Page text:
It’s worth it: Understanding and internalizing defeat

In the aftermath of a crushing loss, it helps to remember why we take part in competition at all. (Reporter Photo / Baker Ellis)

In the aftermath of a crushing loss, it helps to remember why we take part in competition at all. (Reporter Photo / Baker Ellis)

By BAKER ELLIS / Sports Editor

That wasn’t how this was supposed to go.

Three teams, all with variations of the same narrative, had a chance to end their seasons in a way that very, very few teams ever do; with a championship trophy held aloft. Three baseball teams from Shelby County made the trek to Montgomery, a feat in itself worthy of recognition, and three baseball teams came back empty-handed.

Helena, a first-year school with a first-year team, hovered around .500 for most of the regular season before catching lightning in a bottle on the way to the most improbable state finals appearance of the three.

Pelham, the school that begat Helena just some nine months ago, was the juggernaut. A team loaded with 13 seniors and high profile pitching, the Panthers only dropped one game in the first four rounds of the state tournament, winning each game by an average of six runs.

Thompson was the plodder. Exceptionally consistent, the Warriors knocked off the top two teams in class 7A in the first two rounds of the state tournament with proficient hitting and capable pitching, and seemed to be in the best position of the three in the state finals against an unranked team that seemed to be out of their depth.

The Huskies couldn’t hang with a bigger, stronger Russellville team and lost in two games. After knocking off second-ranked St. Paul’s in the semifinals, Helena seemed to just run out of gas. Pelham, the only team of the three to push its series to three games, committed five errors and gave up 22 hits in its two losses to top-ranked Cullman, not exactly a winning combination. Thompson simply ran into a buzz saw disguised as a throw pillow. The unranked boys from Smiths Station hit the Warrior pitchers into submission, winning the 7A state title in two games.

I know that, in the world of high school sports, we’re supposed to focus on the positives. Try to lift these kids up and make everyone feel like winners, no matter the outcome. They made it to the state finals. That should be good enough, right?

Of course not.

I was on the field after Pelham and Thomson lost. No one on those teams felt like what they had done was good enough. Because it wasn’t. Only one team in each classification has their season end the way they want, and none of these three teams were that fortunate. Coaches and players alike were experiencing the gut-wrenching sensation of simply not being good enough. In moments like this, we have to remind ourselves what, exactly, is the point of playing the game at all.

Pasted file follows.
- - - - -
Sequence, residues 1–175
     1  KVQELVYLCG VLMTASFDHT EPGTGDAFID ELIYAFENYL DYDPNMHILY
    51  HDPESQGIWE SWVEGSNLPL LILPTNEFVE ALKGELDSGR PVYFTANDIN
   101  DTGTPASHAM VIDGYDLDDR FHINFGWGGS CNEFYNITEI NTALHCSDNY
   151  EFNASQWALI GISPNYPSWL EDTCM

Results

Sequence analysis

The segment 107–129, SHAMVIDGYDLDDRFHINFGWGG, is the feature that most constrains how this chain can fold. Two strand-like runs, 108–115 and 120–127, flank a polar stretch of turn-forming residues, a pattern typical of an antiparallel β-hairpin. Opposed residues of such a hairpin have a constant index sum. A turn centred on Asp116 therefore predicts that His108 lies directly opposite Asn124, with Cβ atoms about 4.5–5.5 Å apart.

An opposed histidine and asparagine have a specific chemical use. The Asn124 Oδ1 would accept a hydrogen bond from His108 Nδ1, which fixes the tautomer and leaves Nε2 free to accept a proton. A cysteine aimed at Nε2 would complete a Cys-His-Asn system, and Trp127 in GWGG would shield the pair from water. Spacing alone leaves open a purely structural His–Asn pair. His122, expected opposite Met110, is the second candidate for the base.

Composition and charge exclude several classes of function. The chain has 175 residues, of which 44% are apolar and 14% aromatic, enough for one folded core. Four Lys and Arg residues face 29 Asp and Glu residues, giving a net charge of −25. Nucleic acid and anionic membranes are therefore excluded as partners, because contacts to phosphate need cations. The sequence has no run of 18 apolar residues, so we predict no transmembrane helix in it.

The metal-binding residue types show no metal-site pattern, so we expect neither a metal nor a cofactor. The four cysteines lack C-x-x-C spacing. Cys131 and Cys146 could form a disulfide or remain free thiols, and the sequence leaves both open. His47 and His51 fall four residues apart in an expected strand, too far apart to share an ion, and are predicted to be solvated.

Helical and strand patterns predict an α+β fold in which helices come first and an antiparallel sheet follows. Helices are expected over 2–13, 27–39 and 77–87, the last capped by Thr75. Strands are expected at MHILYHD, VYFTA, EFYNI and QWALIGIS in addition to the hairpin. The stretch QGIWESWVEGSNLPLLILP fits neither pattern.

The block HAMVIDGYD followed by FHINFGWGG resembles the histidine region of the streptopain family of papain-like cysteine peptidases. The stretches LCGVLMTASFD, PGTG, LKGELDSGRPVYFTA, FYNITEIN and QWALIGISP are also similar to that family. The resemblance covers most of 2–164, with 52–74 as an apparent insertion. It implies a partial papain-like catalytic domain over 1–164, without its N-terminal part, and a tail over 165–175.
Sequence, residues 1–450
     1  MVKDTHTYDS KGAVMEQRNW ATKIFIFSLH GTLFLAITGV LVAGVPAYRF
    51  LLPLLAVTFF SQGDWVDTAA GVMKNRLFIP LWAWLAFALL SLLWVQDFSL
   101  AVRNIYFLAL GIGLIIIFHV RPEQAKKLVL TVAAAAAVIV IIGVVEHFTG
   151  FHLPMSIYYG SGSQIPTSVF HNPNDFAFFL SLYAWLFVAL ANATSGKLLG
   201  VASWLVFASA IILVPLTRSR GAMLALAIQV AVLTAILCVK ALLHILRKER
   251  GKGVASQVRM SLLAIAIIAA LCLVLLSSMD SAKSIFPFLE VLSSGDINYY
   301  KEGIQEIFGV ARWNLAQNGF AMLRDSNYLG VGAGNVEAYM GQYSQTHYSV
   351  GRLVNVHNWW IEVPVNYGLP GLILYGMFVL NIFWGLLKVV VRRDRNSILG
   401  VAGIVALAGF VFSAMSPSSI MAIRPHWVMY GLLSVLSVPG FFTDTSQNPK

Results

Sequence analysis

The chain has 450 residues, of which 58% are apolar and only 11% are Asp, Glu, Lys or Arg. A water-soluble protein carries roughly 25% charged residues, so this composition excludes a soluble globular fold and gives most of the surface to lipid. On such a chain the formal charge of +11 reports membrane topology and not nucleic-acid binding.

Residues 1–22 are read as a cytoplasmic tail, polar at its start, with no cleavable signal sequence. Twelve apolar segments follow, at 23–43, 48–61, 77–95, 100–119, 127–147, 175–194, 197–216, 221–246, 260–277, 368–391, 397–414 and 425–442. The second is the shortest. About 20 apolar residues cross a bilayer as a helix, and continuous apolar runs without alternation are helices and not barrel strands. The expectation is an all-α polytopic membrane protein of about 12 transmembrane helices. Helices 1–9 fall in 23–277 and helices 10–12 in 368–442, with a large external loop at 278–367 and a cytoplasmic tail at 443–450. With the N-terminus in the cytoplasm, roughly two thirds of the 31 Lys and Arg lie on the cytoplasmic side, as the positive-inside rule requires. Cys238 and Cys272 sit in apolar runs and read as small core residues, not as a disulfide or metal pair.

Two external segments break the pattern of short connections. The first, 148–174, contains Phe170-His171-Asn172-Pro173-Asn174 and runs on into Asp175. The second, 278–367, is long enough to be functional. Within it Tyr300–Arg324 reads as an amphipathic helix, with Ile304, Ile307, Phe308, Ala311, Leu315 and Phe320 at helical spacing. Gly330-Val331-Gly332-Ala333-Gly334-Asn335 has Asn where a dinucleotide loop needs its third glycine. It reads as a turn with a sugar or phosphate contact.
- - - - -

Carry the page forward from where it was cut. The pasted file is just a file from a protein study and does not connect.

Sports are, at their core, the act of two groups of people doing something athletic, and one group doing it better than the other and subsequently being rewarded. No amount of participation trophies or encouraging words can mask the stark reality of losing. It’s the worst. Loss is synonymous with failure, and failure is never ideal.

Doc Rivers, the head coach of the Los Angeles Clippers, said something after his Clippers gave up a 3-1 series lead against the Houston Rockets and lost in seven games in the second round of the Western Conference playoffs, that is useful in this discussion.

“I told them I was a player for 13 years, and I had my heart broken for 13 straight years. I told them every night I prayed, every single night my only goal was to win a world championship. Every year I’d give my heart completely to the team, and every year it got completely broken. I told them it was worth it. I told them it’s so worth it to buy in and give yourself to a team, and this is part of sports, only one winner. But it’s worth giving yourself to the team. It’s worth getting your heart broken and taking all the criticism.”

Now, I don’t have any sort of affinity toward Doc Rivers. And I obviously understand there are intrinsic, very obvious differences between professional sports and high school sports. But the core of this message applies to all levels of competition.

In this culture, people rarely try their hardest. It’s so much easier to give minimal effort to something and, when it doesn’t work out, shrug and move on, because we didn’t really try. It is infinity times harder to commit to a thing, to truly sacrifice and give ourselves fully to anything, and still fail. That hurts a ton more. Effort breeds emotional attachment, and failure rips that emotion from us in the worst way.

But that is the whole freaking point. What’s the point of zombie-walking through life, never committing to anything? Where does that get us? I’ll tell you. Nowhere. These kids gave themselves, completely, to something greater than themselves. They sacrificed their time and effort and poured themselves into a team, because those teams represented all the best qualities of the individuals who comprised them. They fought and scraped and clawed to achieve something, and got really, really close. It’s worth getting your heart broken and coming up short because that act of sacrificing, of losing your identity in the identity of something greater, is what this is all about.

These kids can hold their heads up high and know they did something few people ever do, commit to something fully.

It’s worth it. It just is.